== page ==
Just saying that keeping tabs on the myriad of things going on in a shop can be mind-numbing at times.


It is surprising that a major shop could not pull codes on the Scion. The Toyota SRS system is simple compared to some other cars. It will be an easy fix for the dealer. Make sure you inform them that it is accident job so they can contact the insurance companies.

We drove for many many years without air bags. We also drove for many many years without seat belts. A lot of us lived through it with no problem. Just have it fixed and bill the insurance company for it, and be careful driving as usual. As an after thought though, I wouldn’t deal with someone else’s insurance company, I would deal with my own and let them handle it. That’s what they get paid for. Then if something goes wrong, they are in a far better position to collect than you are.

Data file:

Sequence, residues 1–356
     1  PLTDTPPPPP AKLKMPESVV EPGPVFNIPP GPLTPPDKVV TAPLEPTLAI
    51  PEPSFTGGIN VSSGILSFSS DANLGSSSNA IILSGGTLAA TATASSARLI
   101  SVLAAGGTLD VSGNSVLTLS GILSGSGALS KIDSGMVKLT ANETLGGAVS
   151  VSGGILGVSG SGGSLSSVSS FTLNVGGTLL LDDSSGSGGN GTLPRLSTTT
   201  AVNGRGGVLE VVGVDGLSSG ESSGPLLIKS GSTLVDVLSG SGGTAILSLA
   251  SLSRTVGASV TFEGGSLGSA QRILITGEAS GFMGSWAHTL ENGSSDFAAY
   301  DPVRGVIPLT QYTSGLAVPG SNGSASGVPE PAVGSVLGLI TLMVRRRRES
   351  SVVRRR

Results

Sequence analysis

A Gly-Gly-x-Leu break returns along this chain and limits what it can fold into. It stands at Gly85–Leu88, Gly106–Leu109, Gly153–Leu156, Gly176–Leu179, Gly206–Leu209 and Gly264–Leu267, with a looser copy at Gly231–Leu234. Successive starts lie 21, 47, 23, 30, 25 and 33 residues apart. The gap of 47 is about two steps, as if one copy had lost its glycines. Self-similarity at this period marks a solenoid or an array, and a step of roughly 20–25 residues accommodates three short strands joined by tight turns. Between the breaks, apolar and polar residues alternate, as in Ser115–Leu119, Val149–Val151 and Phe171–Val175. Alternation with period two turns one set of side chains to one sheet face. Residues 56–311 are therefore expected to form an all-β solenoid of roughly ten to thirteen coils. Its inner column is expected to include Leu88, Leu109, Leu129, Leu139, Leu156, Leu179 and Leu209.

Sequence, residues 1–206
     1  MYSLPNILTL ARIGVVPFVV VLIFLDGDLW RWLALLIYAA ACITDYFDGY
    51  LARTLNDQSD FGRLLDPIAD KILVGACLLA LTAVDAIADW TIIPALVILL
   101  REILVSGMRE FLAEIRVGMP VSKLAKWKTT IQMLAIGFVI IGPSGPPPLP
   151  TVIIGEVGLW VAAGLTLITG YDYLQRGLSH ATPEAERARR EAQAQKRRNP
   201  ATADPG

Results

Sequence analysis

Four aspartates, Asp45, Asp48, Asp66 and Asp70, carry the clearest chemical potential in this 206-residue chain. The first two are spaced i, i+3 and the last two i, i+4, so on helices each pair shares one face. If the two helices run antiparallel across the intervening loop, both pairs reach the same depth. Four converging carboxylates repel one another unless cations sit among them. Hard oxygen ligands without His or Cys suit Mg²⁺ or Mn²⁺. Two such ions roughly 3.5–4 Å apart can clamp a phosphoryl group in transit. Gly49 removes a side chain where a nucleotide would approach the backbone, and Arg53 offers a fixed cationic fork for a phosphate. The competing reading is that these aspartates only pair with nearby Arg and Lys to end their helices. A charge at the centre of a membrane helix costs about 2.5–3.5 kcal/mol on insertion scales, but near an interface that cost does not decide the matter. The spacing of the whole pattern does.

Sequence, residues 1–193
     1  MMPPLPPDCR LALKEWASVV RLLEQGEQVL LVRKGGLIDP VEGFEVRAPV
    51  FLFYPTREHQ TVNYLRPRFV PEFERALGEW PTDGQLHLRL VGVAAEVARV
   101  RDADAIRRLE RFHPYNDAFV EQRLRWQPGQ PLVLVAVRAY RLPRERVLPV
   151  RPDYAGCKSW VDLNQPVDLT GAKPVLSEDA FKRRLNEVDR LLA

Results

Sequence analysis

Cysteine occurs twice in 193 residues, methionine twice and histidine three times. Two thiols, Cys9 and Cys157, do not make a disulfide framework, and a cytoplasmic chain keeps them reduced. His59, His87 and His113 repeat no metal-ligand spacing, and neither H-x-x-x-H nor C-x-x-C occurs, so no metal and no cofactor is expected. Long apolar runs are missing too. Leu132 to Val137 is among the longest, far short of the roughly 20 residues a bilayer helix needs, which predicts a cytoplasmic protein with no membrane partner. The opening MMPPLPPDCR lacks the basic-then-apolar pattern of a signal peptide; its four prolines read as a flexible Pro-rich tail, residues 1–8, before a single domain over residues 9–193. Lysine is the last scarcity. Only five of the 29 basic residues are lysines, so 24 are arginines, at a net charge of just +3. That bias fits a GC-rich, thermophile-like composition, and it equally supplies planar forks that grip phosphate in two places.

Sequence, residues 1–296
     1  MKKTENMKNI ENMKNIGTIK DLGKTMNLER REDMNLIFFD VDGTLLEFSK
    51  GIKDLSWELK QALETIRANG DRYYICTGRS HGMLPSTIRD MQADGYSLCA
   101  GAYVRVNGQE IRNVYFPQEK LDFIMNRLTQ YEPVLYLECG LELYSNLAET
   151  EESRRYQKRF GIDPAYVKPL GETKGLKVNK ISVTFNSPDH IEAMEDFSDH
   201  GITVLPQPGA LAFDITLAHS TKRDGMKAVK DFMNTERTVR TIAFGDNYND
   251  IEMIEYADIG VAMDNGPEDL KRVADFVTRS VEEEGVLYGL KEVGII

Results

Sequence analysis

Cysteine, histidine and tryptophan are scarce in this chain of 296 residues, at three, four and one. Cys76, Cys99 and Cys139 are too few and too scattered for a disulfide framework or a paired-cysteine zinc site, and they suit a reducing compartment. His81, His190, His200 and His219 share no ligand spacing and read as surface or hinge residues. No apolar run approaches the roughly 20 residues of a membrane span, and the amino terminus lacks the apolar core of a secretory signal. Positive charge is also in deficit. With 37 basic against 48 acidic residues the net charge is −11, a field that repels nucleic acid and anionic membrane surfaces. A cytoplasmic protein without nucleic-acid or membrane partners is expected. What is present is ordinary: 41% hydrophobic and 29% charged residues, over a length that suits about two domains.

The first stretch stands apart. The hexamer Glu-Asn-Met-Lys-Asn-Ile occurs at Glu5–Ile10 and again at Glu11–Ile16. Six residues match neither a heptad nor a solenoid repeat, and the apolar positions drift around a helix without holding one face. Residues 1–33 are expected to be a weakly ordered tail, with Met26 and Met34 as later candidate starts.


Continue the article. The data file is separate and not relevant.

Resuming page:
This is extremely disappointing

There are so many scan tools out there that will read and clear airbag codes. A body shop that can’t afford this is kind of pathetic, in my opinion. After all, lots of airbags get deployed in accidents.

My snap on scanner will read and clear airbag codes on just about all of the major brands. So there’s no reason to buy a factory tool. That was just an example.

I wouldn’t be at all surprised if a electronic tensioning retractor deployed during the accident, and that is why the airbag light is on. This is very common

So if an electronic tensioning retractor deployed, what is the resolution? Does it need to be replaced or just reset the code?

It needs to be replaced.

I am surprised that the body shop did not take it to the dealer themselves if they did not have the tool required to diagnose the air bag light. I would insist that it be fixed and that they give you a rental car until it is fixed. They will pay for the rental, of course. And you should have had your insurer involved if you have not until now.